Search

Letting Go of the Grudge

Updated: Jul 19, 2020

by Cheri Brinkman



The following process was developed during a series with Jane, a woman who considered herself entangled in an addictive relationship. Her experience of the relationship was that her partner demonstrated a pronounced lack of reciprocity and willingness to communicate. Her sense of being repeatedly used and discarded by him led to intense feelings of sadness and despair. She described herself as addicted because, though she had tried for 8 years to break her attachment to him and move on, she felt completely powerless to leave him or to refuse any of his requests to see her, even though he repeatedly discarded her. Indeed, she believed she could not live without him.


Jane reported that she was plagued by feelings of wanting/not getting. Not only did she experience this in her relationship with this man, but she had experienced it in other contexts as well, at various times throughout her life. She claimed that she often felt that she was “banging her head against the wall;” the more she tried, the less she got what she was after, and the less she was appreciated and acknowledged for her efforts, which then drove her all the more to try again even harder. This pattern has been described by Stanton Peele, a prominent figure in the addiction field, who stated, “The process whereby people desperately pursue some feeling that becomes more elusive the harder they pursue it is a common one … it is this cycle of desperate search, temporary or inadequate satisfaction, and renewed desperation that most characterizes addiction.” ¹


While the process described below certainly has important implications for those people who exhibit dependent and abusive or otherwise addictive behaviors, it also has wider and more general applications. Many people struggle with repetitive behavior patterns which are largely self-defeating and ultimately painful, but continue to repeat themselves despite diligent and sometimes expensive efforts to change.


The entrenched nature of repetitive behaviors has mystified people for many years. Freud observed what he referred to as a repetition compulsion, and the psychiatric field has struggled to understand it ever since. The following formulation offers a way of explaining these behavioral patterns, as well as the power they appear to have over people. More importantly, it provides a method for clearing the pattern at its origin, resulting in measurable behavioral change.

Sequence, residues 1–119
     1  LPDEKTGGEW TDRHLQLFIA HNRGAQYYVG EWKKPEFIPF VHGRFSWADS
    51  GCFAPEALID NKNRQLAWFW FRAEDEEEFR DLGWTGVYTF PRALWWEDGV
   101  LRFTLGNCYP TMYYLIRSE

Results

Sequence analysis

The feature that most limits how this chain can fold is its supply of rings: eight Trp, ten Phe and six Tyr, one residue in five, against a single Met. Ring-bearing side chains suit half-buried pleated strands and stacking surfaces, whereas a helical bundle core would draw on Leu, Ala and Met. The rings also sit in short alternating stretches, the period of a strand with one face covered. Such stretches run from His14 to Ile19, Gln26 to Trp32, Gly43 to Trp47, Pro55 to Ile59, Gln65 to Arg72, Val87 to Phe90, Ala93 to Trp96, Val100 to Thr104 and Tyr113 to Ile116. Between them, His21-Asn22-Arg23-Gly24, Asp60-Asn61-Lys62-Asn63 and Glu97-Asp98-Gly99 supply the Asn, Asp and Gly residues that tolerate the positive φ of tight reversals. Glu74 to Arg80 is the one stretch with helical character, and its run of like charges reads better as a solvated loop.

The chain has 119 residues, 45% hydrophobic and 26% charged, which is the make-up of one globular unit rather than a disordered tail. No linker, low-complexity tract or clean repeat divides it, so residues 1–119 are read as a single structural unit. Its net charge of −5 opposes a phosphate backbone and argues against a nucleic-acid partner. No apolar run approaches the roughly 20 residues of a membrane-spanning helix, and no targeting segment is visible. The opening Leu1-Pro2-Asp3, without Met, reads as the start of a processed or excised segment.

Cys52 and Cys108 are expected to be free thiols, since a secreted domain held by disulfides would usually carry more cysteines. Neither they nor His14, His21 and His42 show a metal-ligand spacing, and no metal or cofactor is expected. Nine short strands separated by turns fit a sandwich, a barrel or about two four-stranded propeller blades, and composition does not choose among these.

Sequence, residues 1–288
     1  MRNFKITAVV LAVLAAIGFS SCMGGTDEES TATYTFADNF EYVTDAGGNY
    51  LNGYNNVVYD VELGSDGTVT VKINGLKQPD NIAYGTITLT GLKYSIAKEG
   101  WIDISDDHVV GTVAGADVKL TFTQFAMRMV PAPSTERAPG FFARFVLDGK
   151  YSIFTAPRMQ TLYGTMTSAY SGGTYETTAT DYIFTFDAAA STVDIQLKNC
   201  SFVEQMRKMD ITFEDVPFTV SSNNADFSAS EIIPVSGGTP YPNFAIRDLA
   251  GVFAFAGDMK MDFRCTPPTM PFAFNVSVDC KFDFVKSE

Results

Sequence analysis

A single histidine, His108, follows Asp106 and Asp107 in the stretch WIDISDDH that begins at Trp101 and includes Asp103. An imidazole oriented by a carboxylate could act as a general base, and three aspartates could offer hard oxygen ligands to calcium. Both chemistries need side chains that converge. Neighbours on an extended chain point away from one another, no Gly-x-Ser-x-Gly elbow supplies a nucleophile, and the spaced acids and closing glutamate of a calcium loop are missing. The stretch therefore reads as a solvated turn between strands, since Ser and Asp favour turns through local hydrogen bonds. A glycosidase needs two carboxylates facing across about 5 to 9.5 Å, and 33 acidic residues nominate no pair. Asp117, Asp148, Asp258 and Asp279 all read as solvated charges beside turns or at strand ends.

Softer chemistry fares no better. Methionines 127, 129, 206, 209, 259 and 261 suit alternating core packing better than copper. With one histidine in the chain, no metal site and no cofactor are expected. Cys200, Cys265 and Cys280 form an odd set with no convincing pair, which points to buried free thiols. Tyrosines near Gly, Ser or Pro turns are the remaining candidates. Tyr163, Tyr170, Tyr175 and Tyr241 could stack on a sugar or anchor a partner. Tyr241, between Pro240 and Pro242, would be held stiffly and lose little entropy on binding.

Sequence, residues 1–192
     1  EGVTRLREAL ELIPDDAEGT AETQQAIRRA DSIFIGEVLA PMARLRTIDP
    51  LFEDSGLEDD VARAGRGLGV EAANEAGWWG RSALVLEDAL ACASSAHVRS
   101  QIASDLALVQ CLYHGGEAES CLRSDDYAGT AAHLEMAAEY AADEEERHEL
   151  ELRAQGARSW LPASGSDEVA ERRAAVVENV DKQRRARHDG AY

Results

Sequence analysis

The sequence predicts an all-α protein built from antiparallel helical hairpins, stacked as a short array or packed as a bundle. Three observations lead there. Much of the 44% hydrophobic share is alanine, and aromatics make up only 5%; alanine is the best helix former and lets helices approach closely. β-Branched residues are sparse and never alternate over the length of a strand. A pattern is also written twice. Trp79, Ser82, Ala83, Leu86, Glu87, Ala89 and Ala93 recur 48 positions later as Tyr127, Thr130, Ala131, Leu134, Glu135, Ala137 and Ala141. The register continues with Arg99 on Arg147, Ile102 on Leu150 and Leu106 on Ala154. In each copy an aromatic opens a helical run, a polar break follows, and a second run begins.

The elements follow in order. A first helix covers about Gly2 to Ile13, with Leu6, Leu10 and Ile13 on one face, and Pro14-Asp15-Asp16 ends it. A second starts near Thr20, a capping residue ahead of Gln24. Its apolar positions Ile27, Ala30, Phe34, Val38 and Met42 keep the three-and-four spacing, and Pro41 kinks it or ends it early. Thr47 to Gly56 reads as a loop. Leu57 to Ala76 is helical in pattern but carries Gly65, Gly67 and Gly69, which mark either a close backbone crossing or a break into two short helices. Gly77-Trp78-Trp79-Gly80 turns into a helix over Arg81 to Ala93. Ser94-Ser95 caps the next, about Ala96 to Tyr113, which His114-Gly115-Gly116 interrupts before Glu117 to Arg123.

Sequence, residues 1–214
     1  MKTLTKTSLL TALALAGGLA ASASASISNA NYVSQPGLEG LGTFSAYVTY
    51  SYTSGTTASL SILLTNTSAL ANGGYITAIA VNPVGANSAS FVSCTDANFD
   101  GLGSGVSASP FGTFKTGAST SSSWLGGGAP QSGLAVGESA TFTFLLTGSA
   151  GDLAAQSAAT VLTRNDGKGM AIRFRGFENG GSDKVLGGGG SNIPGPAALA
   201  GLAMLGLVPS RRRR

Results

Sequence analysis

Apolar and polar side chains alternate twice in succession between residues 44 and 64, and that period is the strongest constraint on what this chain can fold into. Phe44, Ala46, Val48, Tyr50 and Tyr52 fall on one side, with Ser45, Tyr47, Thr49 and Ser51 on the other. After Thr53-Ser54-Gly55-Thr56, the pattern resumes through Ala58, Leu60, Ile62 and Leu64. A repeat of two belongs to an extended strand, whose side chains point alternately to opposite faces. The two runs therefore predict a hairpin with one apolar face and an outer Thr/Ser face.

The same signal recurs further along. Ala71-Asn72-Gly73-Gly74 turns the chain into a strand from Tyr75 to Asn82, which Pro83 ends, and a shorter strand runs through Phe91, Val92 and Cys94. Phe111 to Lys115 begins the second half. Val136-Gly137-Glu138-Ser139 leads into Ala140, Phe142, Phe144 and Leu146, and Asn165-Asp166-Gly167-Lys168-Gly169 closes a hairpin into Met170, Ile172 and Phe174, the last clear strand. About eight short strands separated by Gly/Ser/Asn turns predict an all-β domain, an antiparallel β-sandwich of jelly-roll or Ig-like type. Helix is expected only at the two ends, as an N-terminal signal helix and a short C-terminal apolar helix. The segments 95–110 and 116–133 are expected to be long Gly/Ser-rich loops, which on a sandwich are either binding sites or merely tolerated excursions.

The focus of the work with Jane was to identify what kept her “hooked” -- what kept her tied to a relationship that caused her such misery – what was it that stopped her from pursuing a better relationship in which her needs would be addressed and satisfied? The work that ensued has been developed and refined and is presented here as a process which Jane herself named, Letting Go of the Grudge.


The grudge. The grudge is operationally defined as: a) the feeling of resentment which is defined in Webster’s Dictionary as “a feeling of indignant displeasure at something regarded as a wrong, insult, or “injury,” plus b) retaliatory behavior.


1. Identifying the Grudge


A grudge is usually triggered in situations in which a person is attempting to assert himself, get his needs met or ask for something – any situation in which he is trying to change his environment. It is generally an unconscious communication which is most often carried in the tone of voice and in the physiology. The tone of voice can be variously described in nonsensory-specific language as whining, complaining, entreating, pleading, plaintive, pathetic, self-righteous, entitled, defensive, accusatory, argumentative, spiteful or vengeful. It is manifested in the physiology in facial expressions, gestures and posture, and can be described in nonsensory-specific terms as dejected, helpless, Satir’s placating position, pathetic, pouting, sullen or morose. Gross behavioral demonstrations of how a person my be playing out the grudge include depression, procrastination, smoking, over-eating, not eating, overspending, drinking and drugging, among others.